Of Freedom, Liberty, and Independence

Words such as freedom, liberty and independence have a nuanced ambiguity inherent in their meaning.  For example, are we free from something or to something or both?  Is liberty unrestricted or restrictive, begging the question of liberty’s true meaning and value?  Is the meaning of independence specific to a historical event, or is it something to aspire to in perpetuity?

With the untimely recent passing of apologist, pastor, and author Tim Keller, I returned to his classic work, Every Good Endeavor 1 and a section on freedom.  He refers to the proposition that “modern people like to see freedom as the complete absence of any constraints”, and continues to demonstrate (using examples of fish in water, airplanes in air, etc.) that “…freedom is not so much the absence of restrictions as finding the right ones, ones that fit with the realities of our own nature and those of the world” (page 39). In a similar manner, the commandments of God are a means of liberation because through these parameters, God has provided the context for authentic and prosperous living.

American citizens have been free from the domination of England for more than 200 years, but the Founding Fathers and legislative bodies have since created another reality which developed its own constraints within which to function. This then allowed for personal freedom within the context of the emerging American experiment.  We may be free from England, but are we also free to work diligently toward what God has created us to be?

What does all this mean for Business as Mission with its four-fold mandate to:

  1. Create jobs. In a suffering world of injustice, unemployment, poverty, and despair we are free to love our neighbor as ourselves (Mark 12: 30, 31) by providing the dignity of respectable work, as we reflect the image of God. As Dorothy Sayers affirms, “…work is not primarily, a thing one does to live, but the thing one lives to do” – for the greater glory of God.2
  2. Be profitable and sustainable within the context of God’s design for wealth creation (Deut 8:18). The pilgrims of Massachusetts partnered with English businesspeople for the financing of their efforts, returning the loan with the products of the New England land such as beaver furs and whaling products.3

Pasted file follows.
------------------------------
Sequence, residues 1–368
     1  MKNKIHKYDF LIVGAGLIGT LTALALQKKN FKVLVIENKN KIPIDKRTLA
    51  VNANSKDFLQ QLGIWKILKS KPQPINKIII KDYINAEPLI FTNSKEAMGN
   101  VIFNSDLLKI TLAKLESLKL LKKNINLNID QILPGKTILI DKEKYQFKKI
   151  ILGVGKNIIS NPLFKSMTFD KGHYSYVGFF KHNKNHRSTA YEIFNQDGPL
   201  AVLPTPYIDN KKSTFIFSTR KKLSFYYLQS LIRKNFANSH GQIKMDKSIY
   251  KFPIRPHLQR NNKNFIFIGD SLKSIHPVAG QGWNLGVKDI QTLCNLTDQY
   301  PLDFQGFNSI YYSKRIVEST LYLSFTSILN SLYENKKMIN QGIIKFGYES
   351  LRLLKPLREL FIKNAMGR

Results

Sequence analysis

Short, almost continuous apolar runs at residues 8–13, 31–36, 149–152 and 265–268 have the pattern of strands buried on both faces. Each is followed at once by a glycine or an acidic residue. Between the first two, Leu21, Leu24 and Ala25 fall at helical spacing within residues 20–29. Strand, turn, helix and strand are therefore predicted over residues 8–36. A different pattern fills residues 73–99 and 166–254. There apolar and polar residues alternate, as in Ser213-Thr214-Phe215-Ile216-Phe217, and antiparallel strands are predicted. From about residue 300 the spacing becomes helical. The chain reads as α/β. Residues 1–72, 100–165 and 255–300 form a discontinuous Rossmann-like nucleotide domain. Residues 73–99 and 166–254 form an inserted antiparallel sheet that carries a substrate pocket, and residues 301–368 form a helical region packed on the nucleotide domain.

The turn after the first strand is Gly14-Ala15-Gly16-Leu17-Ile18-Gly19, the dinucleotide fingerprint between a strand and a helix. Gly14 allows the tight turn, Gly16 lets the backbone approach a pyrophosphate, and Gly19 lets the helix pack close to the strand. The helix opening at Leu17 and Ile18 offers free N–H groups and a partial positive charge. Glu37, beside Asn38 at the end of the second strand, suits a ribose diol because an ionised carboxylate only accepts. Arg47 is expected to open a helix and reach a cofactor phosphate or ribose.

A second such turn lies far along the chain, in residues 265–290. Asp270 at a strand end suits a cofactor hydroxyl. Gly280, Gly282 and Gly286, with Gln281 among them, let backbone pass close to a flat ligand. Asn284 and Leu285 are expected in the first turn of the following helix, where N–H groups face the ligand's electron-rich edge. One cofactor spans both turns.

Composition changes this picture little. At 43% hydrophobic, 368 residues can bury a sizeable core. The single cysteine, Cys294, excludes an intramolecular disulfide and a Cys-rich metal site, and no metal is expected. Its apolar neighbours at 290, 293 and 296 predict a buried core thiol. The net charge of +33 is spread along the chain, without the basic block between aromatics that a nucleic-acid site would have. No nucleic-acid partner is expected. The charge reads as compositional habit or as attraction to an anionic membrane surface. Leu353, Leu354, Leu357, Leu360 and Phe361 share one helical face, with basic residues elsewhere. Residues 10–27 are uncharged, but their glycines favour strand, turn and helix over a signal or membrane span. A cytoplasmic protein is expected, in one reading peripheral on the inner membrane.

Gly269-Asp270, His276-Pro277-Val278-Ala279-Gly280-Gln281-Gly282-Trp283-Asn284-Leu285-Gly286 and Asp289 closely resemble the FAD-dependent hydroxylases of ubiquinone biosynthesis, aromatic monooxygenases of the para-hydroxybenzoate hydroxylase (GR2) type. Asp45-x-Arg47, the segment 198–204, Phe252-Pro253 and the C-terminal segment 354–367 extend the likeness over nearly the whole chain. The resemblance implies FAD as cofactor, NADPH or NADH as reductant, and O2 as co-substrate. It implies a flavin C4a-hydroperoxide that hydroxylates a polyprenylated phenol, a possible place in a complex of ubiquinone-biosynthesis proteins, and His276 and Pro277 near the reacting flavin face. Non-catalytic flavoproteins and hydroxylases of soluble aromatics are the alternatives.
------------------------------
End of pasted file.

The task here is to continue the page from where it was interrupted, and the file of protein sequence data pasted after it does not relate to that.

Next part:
3. Similarly, modern business must have customers who desire viable products, so both the provider and customer profit.  God desires humankind to be free to accomplish this end-goal of business.
  4. Make followers of Jesus, who cared for the human condition as well as the eternal salvation of individuals. As jobs demonstrate God’s care, the promise of eternal salvation provides peace and a relationship with a holy God.   True freedom allows for each person to choose his/her response to God’s way (Joshua 24:15).
  5. Respect and steward creation. As in Keller’s analogy, fish are free within the context of water and if a fish is “freed” to jump on to grass to explore his new freedom, he is soon destroyed and thus less free.  We are free to respect and steward all of creation as a basic freedom, or we are free to abuse the resources of the earth created by God and thus lose something of importance.  See IBEC blog of June 12, 2023.4

Keller, Timothy.  Every Good Endeavor, Penguin Group, New York:  2012

2   Keller, Timothy.  Every Good Endeavor, page 38

3   https://lausanne.org/content/wealth-creation-manifesto


Want to take a few minutes to watch three patriotic videos and two videos on the freedom we have in Jesus?

Country megastar Martina McBride sings God bless America: https://www.youtube.com/watch?v=8yC1Zbbe0SM.

The Texas Tenors singing God bless the USA https://www.youtube.com/watch?v=daqwGRdRIsk

Carrie Underwood singing the national anthem at a hockey game (her husband is captain of the Nashville Predators) https://www.youtube.com/watch?v=muda6LPMhj0

The Newsboys sing I am Free https://www.youtube.com/watch?v=pC-IKxwJQ68

A great Charles Wesley classic of freedom in Christ, And Can it Be https://www.youtube.com/watch?v=sQeIGbKqiw8

Larry W. Sharp, BAM Support Specialist, IBEC Ventures

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